UK retail sales dropped in May as the reopening of all retail sectors and the easing of hospitality restrictions reduced food store sales, data from the Office for National Statistics revealed on Friday.
Retail sales dropped 1.4 percent month-on-month in May, reversing a 9.2 percent rise in April and confounding expectations for an increase of 1.6 percent. However, sales were 9.1 percent higher than in February 2020, before the impact of coronavirus.
Excluding auto fuel, retail sales dropped 2.1 percent after rising 9.1 percent in the previous month. Sales were forecast to climb 1.5 percent.
The largest contribution to the monthly decline came from food stores where sales volumes fell by 5.7 percent. Anecdotal evidence suggested that the easing of hospitality restrictions had had an impact on sales as people returned to eating and drinking at locations such as restaurants and bars.
Meanwhile, non-food store sales were up 2.3 percent. Automotive fuel sales grew 6.2 percent from April, as people continued to increase their amount of travel.
Rather than suggest the economic recovery is already spluttering, the decline in retail sales in May is probably just a result of the reopening of indoor hospitality in mid-May prompting households to spend less time shopping and more time socializing, Paul Dales, an economist at Capital Economics.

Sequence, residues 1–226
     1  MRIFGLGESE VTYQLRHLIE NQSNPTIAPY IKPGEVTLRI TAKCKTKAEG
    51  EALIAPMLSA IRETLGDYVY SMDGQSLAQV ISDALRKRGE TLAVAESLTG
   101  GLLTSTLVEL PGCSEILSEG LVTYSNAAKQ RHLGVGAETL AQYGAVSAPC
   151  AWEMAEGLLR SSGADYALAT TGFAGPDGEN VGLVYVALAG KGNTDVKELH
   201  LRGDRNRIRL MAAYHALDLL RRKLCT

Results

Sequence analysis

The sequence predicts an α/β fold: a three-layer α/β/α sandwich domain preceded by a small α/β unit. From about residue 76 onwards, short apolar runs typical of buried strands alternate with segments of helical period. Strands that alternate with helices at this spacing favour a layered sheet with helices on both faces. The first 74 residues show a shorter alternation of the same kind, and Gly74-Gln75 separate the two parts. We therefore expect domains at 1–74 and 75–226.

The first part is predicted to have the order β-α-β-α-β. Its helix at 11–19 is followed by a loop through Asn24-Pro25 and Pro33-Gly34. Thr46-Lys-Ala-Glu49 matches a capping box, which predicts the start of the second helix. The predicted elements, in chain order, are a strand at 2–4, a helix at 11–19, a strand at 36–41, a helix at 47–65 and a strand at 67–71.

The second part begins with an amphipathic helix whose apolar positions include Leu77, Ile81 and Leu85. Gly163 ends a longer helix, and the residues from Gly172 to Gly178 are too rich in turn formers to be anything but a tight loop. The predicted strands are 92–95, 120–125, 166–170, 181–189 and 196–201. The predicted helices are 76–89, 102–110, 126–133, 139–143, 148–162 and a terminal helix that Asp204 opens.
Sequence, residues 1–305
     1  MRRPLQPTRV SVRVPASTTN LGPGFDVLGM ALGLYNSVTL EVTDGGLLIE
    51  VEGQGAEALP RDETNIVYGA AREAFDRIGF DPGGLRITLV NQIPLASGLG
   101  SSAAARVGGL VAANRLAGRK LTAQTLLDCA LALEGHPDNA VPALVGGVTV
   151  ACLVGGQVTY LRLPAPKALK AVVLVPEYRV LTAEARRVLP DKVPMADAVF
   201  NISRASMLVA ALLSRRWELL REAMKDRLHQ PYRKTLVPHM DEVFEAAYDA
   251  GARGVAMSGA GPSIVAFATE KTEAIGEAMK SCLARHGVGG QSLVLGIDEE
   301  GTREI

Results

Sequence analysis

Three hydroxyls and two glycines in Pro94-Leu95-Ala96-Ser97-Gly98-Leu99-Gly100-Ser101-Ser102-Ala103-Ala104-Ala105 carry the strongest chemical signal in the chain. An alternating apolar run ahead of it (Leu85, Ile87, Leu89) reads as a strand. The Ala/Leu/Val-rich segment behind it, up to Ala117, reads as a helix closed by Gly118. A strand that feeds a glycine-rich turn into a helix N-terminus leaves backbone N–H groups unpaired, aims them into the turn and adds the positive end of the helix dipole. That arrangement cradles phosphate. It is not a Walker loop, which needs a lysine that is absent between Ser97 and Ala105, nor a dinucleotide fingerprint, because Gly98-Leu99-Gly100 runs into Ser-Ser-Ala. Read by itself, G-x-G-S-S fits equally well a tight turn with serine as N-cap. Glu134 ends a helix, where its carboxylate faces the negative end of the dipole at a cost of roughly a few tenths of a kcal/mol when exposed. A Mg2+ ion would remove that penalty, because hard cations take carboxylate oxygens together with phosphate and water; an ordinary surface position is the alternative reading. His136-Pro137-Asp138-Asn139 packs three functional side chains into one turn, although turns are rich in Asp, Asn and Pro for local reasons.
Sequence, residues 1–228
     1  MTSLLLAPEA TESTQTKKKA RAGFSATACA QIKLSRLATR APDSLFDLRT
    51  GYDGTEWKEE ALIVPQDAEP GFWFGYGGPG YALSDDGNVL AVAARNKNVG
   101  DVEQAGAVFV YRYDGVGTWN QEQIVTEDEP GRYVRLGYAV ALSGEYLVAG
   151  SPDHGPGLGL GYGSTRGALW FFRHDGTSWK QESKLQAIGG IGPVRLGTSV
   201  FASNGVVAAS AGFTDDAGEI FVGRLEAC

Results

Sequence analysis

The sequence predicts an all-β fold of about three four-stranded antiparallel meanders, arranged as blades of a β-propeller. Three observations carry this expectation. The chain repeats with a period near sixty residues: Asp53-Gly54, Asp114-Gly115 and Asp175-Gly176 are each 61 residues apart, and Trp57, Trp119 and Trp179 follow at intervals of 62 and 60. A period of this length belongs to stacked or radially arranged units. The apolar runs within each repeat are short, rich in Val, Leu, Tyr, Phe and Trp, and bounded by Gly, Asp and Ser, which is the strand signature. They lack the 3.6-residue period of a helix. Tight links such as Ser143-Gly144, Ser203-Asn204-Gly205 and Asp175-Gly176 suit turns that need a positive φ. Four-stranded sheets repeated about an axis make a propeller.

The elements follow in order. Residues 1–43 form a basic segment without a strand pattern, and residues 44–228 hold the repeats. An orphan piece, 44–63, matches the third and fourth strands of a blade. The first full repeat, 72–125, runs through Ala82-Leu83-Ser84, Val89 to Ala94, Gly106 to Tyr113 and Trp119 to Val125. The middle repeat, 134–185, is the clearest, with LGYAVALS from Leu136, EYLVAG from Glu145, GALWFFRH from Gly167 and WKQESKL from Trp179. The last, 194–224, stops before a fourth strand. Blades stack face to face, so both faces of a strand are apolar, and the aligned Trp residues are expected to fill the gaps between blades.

On a yearly basis, the retail sales volume growth moderated to 24.6 percent in May from 42.4 percent a month ago. This was also slower than the expected expansion of 29 percent.
Sales, excluding auto fuel, logged an annual growth of 21.7 percent versus 37.7 percent expansion seen in April and economists’ forecast of 27.3 percent.
The ONS said these annual growth rates were distorted by base effects and are not a reliable guide.
Data showed that there was a decline in the proportion of retail spending online values to 28.5 percent from 29.8 percent in April. All sectors reporting monthly fall in their online sales as consumers returned to physical stores.
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